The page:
Of late, America has taken to hectoring Israel in a language of demands that it employs with no other nation. Secretary of State Clinton's recent harangue is but one example. When the Bush administration was pushing a democracy agenda for the Middle East, Egyptian strongman Hosni Mubarak did not hesitate to reject the initiative and even stick a finger in America's eye by arresting prominent pro-democracy critics of his regime. Yet, Egypt was never threatened with the withdrawal or reduction of its more than two billion dollars of annual American aid. Indeed that aid has seldom been used by the United States government as leverage for a more compliant Egyptian policy.
But with respect to Israel, the approach is very different. Let Prime Minister Netanyahu refuse to accept an absolute halt to all growth of every population center beyond the 1949 armistice lines, and the next day's New York Times will be filled with articles detailing the punitive actions being contemplated by the Obama administration, most of them no doubt leaked by senior administration officials.
AT THIS POINT, nothing is more crucial than for Israel to remind the United States politely but firmly that it is a sovereign nation, and as such it cannot and will not subcontract assessment of its security needs to outside parties, not even the United States.
And it would be well for the United States to remember that the Netanyahu government is not some freak occurrence that it can will away by shows of anger. The current Israeli government reflects the Israeli consensus on security issues. That consensus rejects any initiative that risks the West Bank becoming another Gaza Strip or Southern Lebanon, with its hand on Israel's neck at its most populous and narrowest point. Nor does that consensus share the view that every brick laid beyond the 1949 armistice lines – including homes for hundreds of thousands of Jews in Jerusalem – is illegitimate.
So far the Israeli security cabinet has been characterized by a remarkable degree of unity and has spoken with one voice. The wisdom of Netanyahu is leaving out of his government Tzippy Livni, who would have sought every opportunity to undermine the government from within, and bringing in Ehud Barak has been well-rewarded. Labor Party leader Barak perfectly echoed Netanyahu's rejection of an absolute freeze on all building beyond the 1949 armistice lines – a freeze that would include the large Torah strongholds of Beitar and Kiryat Sefer. The demand for such a freeze is totally inconsistent with President George Bush's recognition that many of the changes in the landscape over the last forty years cannot be reversed, and that Israel will not return to the 1949 armistice lines.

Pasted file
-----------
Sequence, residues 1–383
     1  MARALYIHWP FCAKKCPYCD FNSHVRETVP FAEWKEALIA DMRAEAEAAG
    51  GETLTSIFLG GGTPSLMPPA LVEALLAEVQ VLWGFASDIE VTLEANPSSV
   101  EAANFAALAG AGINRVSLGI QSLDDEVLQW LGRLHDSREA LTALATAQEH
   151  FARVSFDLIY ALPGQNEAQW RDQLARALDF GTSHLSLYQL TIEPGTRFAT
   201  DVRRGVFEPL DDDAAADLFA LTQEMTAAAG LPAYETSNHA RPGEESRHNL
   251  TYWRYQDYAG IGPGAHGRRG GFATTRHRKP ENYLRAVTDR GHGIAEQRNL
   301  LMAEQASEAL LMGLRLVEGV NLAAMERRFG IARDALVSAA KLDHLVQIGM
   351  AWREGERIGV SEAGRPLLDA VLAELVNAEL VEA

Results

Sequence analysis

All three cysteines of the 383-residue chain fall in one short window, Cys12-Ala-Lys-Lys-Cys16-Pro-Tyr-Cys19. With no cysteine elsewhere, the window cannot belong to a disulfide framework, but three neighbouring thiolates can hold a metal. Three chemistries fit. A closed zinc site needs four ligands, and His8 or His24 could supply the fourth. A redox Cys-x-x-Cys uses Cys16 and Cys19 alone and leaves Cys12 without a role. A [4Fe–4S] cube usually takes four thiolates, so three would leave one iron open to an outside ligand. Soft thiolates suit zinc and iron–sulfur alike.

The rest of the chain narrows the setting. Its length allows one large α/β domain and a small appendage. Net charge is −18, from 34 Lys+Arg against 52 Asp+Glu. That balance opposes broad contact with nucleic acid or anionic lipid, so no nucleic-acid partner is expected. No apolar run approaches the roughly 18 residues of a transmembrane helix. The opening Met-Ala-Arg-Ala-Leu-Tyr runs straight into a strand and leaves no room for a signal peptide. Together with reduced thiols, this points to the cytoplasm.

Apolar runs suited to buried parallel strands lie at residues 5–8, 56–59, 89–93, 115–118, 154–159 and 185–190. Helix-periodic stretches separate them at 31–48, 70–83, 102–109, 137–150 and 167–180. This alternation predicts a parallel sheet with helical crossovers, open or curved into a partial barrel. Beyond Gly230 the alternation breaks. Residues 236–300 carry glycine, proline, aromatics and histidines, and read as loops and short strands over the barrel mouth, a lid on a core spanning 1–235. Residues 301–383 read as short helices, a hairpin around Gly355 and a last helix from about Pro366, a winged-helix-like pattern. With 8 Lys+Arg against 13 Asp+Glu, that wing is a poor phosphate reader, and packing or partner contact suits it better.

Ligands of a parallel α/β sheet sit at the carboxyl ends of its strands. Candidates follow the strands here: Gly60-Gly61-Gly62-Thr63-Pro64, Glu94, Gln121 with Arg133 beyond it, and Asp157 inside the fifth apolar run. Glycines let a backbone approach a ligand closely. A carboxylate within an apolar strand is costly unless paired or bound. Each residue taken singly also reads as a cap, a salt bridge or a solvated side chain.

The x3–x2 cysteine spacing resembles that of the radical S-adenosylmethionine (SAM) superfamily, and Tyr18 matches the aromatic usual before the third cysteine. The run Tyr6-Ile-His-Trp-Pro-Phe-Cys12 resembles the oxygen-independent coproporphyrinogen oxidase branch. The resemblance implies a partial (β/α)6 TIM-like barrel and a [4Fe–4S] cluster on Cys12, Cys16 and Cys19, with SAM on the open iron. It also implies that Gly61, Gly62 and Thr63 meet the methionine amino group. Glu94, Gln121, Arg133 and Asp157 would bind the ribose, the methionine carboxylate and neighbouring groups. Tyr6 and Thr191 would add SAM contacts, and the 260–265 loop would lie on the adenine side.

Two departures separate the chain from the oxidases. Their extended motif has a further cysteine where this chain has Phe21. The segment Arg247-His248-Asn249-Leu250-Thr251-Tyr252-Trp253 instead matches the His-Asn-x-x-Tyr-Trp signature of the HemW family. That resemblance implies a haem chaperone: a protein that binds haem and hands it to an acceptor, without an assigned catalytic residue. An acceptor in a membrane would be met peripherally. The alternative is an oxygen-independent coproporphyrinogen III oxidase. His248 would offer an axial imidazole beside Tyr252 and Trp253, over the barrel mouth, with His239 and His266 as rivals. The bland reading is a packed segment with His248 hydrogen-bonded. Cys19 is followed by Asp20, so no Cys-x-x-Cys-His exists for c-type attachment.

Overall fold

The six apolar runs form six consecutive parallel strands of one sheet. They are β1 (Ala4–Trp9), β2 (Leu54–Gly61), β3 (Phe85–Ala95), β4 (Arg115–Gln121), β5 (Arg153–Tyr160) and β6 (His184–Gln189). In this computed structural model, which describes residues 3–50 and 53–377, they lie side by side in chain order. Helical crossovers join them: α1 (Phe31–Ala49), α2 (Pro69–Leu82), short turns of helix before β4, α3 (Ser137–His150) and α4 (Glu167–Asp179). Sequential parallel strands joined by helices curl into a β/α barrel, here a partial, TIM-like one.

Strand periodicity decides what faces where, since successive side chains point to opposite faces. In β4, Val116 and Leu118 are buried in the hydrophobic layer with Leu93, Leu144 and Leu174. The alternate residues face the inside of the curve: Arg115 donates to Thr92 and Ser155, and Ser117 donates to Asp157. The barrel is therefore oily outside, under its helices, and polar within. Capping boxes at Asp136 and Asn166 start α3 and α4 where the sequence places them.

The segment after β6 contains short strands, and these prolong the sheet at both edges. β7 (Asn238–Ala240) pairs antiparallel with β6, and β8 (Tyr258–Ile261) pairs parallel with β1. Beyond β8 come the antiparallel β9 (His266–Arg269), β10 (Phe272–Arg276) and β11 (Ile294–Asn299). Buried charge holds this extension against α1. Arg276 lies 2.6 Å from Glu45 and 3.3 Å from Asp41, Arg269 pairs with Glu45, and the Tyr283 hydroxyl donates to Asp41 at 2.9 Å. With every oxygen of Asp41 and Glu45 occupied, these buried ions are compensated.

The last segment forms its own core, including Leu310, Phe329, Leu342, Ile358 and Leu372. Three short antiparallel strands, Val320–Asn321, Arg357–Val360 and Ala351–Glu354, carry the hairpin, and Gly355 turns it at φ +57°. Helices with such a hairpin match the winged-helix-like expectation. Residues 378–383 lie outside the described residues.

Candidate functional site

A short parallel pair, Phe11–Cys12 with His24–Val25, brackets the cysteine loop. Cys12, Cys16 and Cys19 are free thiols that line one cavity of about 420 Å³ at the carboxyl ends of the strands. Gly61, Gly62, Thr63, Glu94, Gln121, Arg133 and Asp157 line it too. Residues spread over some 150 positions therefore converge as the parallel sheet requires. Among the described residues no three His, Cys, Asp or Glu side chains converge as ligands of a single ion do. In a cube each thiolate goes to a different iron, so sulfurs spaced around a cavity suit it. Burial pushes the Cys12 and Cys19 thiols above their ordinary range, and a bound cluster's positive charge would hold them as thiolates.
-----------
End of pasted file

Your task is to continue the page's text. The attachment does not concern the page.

Successive American administrations have always shown abundant understanding of why Palestinian leaders cannot move too forcefully to stop terrorism against Israel, or end incitement, or even acknowledge Israel's Jewish identity.
Well, it is about time that the United States also show some understanding of the political constraints on Israeli governments. Netanyahu could not remain in office one week were he to agree to what the Obama administration is demanding of him.
Both Israelis and Americans need to remember that Israel is a sovereign state, and that it is therefore the responsibility of the former to elect Israel's leaders. Should Israelis ever forget this and choose their leaders based on American favor, Israel will have ceased to exist as a sovereign nation.
receive the latest by email: subscribe to the free jewish media resources mailing list